The Partnership for Assessment of Readiness for College and Careers (PARCC), one of the two consortia tasked with creating tests for the Common Core State Standards, has released a list of resources for special educators who want to learn more about how the education standards may affect children with disabilities.
The Partnership for Assessment of Readiness for College and Careers (PARCC) today released for public comment a draft policy that proposes accommodations for students with disabilities who need assistance expressing themselves in writing or typing on a computer. This release is part of a collaborative effort to create an assessment that will help all students prepare for college and career readiness and assess the full range of student performance on skills vital for competitiveness.
The draft policy includes recommending two writing access accommodations - specifically, a scribe and word prediction software - on the English language arts (ELA)/literacy summative assessment for students with disabilities who meet the accommodation eligibility criteria.
Two accommodations policies under consideration by a 23-state assessment consortium could narrow the pool of children that would qualify for assistance on those tests in some of those states.
The governing board of the Partnership for Assessment of Readiness for College and Careers, or PARCC, voted last week to put the two draft policies out for public feedback. Once final, they will be included in the larger "accommodations manual" that will guide development of the assessment that will be taken by students in 22 states and the District of Columbia in 2014-15. The full manual is slated for a vote to release it for public comment at the PARCC board's meeting in March.
You’ve probably heard a lot about this new initiative in education called the Common Core State Standards(CCSS). What’s it all about? How does it relate to you as an educator, administrator, or parent? How does it apply to students, especially those with disabilities? This resource page will help you find answers to questions such as these.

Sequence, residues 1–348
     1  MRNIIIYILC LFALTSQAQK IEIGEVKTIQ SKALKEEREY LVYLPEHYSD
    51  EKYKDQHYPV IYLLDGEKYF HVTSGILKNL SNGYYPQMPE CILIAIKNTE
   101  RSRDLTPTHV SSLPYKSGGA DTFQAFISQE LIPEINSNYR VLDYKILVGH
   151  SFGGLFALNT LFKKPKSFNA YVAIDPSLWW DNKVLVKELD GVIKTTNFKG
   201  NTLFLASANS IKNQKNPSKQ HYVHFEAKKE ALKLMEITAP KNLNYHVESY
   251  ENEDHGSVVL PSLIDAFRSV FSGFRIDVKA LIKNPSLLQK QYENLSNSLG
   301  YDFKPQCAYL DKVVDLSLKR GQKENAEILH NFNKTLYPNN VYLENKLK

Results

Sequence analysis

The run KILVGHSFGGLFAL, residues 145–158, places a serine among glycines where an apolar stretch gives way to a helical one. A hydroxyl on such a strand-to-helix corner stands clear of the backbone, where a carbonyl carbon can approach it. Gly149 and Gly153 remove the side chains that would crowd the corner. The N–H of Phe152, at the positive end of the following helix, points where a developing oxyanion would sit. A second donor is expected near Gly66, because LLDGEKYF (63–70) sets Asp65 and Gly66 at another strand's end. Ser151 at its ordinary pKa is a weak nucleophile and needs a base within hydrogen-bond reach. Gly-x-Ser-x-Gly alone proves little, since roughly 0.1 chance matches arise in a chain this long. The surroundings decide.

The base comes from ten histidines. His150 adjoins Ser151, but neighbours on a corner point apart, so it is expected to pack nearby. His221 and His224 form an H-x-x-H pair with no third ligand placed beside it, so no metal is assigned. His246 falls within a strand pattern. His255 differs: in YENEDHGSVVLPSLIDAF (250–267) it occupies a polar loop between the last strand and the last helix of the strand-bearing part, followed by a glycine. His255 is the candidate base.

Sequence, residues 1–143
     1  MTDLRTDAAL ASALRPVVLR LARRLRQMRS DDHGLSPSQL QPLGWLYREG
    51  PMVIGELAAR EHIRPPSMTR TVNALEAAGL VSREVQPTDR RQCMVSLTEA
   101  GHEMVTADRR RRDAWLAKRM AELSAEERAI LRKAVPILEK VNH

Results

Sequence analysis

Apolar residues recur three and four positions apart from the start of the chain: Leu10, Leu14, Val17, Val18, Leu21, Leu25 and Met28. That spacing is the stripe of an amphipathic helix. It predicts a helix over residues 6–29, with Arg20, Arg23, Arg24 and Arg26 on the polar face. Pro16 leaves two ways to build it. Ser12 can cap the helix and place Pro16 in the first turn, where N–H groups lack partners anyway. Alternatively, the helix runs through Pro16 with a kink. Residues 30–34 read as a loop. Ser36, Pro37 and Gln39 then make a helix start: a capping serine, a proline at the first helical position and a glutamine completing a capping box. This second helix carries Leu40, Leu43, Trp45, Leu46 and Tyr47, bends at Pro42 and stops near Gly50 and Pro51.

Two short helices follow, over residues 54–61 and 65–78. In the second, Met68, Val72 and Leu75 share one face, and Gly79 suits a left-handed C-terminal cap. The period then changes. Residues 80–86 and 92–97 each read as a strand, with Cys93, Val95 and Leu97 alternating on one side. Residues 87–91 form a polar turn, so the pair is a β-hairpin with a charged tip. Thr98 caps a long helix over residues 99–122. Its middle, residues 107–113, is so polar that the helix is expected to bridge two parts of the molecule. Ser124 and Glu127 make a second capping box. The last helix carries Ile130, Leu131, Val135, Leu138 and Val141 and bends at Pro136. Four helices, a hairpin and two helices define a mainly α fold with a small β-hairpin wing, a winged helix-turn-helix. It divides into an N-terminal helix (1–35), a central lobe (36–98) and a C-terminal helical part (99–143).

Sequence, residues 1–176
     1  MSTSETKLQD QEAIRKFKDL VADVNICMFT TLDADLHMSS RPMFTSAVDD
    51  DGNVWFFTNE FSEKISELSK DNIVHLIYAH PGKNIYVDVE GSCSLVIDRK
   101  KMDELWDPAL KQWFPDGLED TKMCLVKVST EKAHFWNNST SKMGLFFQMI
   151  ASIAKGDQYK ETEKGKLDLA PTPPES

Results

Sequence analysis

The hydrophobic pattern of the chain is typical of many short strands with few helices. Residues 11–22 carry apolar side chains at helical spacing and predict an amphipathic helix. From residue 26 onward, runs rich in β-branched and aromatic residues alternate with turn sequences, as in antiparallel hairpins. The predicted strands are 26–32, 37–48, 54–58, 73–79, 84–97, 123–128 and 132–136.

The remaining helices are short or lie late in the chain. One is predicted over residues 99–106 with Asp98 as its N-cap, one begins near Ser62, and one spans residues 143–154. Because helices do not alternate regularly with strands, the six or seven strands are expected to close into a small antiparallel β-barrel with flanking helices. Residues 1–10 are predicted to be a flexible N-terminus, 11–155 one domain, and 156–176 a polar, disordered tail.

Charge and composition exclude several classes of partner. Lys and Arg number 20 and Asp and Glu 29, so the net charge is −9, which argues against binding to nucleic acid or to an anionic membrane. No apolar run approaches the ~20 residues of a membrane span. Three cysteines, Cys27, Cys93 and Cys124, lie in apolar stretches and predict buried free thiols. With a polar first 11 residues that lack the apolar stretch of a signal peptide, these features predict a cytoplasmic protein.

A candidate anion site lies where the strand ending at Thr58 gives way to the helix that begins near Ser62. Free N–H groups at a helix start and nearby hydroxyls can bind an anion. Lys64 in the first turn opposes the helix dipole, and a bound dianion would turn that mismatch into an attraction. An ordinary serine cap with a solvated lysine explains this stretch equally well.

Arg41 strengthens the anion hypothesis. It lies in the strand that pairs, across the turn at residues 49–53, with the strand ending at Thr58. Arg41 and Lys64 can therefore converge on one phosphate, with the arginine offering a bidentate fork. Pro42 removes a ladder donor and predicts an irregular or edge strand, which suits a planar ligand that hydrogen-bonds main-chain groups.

Students with disabilities continue to demonstrate the capacity to succeed in the general curriculum with appropriate specialized instruction, supports, and accommodations. Reports from the National Center for Educational Outcomes (NCEO) reveal that students with a variety of learning profiles are continuing to demonstrate greater capacity to acquire and express all levels of knowledge than was previously anticipated.
CEC is optimistic about the impact of the CCS on the achievement of students with disabilities. Students can be active learners in 21st century learning environments when they have instructional supports that invite their engagement, instructional accommodations that change materials and procedures but not the standards, and assistive technology that ensures access to the standards and curriculum.
Margaret McLaughlin, associate dean for research and graduate education at University of Maryland and current president of the Council for Exceptional Children identifies six principles for principals to consider when implementing CCSS for students with disabilities.